The Value of Daily Exercise

  • Exercise and Children - Making Kids Healthier

    Running, riding a bike, playing a sport are all great ways to get the exercise needed to stay healthy and fit.  It's important for the whole family and should be are part of daily life.  Exercise not only promotes the building of strong bones and muscles, it's also a great way for social interaction with friends by building valuable relationships and providing opportunities for problem solving. In addition to being healthier in general, exercise helps to reduce the risk of obesity and the health problems that come with being overweight, conditions like diabetes, heart disease, and high blood pressure.  In addition, people who are physically fit feel better; have greater self-confidence, and more energy.

    Exercise and children - How much exercise does your child need?  It is recommended that children get 60 minutes of moderate exercise every day.  Moderate activity means that your heart beats at a faster rate than normal and you breathe faster.  Although young children may only be active for 10-15 minutes at a time, the goal is still 60 minutes a day.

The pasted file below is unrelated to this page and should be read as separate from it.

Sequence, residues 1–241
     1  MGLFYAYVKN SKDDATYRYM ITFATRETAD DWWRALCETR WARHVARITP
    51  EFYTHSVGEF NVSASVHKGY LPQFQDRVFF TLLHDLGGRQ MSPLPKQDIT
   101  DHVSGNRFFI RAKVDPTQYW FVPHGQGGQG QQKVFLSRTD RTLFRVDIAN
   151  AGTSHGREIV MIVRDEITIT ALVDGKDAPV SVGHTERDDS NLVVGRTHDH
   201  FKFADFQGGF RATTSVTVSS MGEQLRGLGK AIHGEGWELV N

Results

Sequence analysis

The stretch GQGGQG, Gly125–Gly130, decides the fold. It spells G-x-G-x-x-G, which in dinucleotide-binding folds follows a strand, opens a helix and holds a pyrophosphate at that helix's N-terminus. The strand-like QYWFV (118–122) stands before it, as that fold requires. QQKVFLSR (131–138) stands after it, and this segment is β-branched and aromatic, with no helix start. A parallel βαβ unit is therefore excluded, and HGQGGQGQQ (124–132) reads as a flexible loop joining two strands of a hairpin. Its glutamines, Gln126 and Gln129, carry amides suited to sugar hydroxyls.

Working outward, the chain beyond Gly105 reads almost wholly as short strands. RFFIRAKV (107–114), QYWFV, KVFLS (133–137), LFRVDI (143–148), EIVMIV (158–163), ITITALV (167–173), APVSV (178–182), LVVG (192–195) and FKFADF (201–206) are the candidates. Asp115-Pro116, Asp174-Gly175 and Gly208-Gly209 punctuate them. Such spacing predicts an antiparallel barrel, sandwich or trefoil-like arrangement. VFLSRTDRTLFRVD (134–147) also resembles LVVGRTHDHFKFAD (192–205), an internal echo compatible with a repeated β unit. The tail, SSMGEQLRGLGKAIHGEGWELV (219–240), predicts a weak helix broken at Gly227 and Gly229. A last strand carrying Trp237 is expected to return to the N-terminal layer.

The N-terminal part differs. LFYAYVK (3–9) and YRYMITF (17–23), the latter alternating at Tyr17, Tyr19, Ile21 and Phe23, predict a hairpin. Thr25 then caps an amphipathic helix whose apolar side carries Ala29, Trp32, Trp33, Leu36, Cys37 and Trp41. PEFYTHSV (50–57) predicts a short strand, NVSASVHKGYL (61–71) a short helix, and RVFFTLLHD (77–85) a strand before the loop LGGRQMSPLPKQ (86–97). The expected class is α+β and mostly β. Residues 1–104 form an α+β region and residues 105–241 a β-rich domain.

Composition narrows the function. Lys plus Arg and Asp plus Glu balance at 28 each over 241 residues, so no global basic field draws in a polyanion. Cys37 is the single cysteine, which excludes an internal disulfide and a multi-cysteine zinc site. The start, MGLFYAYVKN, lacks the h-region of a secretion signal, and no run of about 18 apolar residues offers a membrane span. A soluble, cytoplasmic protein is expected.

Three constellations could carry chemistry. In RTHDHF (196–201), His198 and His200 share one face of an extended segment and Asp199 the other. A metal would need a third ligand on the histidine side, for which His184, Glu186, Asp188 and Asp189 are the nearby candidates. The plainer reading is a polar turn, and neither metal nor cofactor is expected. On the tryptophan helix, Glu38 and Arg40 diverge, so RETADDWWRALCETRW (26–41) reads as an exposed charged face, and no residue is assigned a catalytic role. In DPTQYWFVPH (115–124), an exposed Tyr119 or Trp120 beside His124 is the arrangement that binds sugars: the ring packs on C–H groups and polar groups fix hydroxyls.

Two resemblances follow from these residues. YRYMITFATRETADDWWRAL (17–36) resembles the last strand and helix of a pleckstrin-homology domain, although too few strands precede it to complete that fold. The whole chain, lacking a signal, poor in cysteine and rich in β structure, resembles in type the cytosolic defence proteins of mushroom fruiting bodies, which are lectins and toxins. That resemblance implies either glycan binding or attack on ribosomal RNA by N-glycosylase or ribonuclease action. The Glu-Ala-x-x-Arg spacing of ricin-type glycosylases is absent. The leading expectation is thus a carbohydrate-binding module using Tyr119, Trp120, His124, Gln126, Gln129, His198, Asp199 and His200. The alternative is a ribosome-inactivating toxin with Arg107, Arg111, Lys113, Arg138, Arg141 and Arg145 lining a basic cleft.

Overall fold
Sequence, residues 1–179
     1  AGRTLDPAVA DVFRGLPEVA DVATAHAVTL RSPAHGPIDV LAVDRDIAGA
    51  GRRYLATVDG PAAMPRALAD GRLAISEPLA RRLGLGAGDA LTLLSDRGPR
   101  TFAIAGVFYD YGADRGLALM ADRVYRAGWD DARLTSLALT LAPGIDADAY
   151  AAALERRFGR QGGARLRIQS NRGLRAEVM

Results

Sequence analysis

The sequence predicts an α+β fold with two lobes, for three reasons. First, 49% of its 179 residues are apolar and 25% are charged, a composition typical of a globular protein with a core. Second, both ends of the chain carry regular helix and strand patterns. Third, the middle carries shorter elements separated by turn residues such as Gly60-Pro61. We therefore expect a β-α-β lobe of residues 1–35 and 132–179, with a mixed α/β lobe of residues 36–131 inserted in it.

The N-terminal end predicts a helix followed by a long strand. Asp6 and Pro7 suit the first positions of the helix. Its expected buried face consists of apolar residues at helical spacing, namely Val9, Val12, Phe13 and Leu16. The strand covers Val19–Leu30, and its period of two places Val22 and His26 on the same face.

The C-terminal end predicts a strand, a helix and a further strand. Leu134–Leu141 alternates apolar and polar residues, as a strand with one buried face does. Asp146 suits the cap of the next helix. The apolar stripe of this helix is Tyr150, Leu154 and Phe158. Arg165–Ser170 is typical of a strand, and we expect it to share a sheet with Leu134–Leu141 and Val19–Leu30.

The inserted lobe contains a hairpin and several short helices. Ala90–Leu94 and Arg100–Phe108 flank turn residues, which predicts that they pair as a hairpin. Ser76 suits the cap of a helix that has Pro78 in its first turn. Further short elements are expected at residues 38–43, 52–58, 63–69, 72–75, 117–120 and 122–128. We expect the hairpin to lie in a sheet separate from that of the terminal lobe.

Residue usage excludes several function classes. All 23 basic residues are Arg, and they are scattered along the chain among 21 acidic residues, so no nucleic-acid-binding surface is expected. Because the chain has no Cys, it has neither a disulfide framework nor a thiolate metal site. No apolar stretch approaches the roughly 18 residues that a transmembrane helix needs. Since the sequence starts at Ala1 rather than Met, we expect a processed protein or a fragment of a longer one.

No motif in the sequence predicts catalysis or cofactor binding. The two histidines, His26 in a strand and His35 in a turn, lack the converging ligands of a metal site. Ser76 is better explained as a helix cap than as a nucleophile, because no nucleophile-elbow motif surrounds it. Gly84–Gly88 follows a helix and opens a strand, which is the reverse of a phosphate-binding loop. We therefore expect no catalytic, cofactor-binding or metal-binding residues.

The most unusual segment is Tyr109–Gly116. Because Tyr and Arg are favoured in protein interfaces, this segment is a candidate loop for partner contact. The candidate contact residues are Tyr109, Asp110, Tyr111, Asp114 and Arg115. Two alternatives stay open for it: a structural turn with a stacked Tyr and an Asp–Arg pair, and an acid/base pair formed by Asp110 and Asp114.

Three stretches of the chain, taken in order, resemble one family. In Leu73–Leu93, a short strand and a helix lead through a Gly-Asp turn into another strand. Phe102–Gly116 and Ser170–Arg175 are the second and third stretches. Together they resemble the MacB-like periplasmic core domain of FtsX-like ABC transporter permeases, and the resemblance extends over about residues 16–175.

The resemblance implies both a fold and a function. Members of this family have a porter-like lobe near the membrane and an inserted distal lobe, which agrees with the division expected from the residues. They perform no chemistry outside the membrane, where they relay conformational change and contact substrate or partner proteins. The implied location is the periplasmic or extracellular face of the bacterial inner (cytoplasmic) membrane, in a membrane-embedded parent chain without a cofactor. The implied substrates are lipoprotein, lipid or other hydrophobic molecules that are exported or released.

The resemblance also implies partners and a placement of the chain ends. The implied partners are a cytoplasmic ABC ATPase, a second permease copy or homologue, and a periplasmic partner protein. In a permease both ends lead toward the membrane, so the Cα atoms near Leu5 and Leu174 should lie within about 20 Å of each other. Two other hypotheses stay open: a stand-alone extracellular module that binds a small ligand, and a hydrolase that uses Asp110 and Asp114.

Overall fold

Some examples of moderate exercise include:

    • running
    • swimming
    • bicycling
    • dancing
    • jumping rope
    • skateboarding or skating
    • team sports
    • playing on equipment at a playground 

    Because children are more likely to exercise when they are having fun, encourage activities that are enjoyable.  The focus should be on having fun rather than performance.  Examples of activities for children as young as two might be running, walking, galloping, and swimming with adult.  By three, they can start riding a bike with training wheels, climb low perches, and kick a ball.  And, by 4, kids can run, jump, skip, swim, ride a scooter, play tag or catch, and play on age-appropriate playground equipment.                                                                                

    Because children learn from the adults around the, make exercise a family affair.  By being good role models, children are more likely to exercise when they see their parents engaged in regular physical activities.